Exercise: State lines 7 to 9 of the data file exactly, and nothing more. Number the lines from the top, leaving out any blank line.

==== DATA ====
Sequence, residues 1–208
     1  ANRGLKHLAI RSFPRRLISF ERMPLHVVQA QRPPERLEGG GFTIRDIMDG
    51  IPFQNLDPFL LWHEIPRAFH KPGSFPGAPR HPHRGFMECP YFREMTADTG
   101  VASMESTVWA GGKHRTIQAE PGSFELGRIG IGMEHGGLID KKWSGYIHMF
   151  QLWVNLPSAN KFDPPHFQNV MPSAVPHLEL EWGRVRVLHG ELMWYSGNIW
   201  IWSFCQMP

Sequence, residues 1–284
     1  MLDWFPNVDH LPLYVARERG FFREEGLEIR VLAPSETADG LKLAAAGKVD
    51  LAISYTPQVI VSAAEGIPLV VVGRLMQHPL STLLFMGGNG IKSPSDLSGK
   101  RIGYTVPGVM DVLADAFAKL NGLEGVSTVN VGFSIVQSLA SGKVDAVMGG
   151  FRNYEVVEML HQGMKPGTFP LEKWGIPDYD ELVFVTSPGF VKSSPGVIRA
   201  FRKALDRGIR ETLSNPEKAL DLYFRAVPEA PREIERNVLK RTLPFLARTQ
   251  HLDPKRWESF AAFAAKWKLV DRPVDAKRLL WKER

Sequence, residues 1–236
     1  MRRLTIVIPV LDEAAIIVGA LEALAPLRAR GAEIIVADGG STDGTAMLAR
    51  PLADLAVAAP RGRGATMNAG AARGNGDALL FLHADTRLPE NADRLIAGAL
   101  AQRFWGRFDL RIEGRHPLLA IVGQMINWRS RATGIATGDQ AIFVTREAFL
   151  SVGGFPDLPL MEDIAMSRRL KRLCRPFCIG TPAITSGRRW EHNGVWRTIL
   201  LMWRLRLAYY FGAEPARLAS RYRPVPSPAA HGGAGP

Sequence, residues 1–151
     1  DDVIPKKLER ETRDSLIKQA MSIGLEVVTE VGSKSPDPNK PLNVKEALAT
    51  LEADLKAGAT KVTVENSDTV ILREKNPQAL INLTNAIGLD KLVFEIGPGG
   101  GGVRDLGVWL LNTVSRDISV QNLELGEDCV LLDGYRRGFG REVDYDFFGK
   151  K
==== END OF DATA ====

Sequence, residues 1–284
     1  MLDWFPNVDH LPLYVARERG FFREEGLEIR VLAPSETADG LKLAAAGKVD
    51  LAISYTPQVI VSAAEGIPLV VVGRLMQHPL STLLFMGGNG IKSPSDLSGK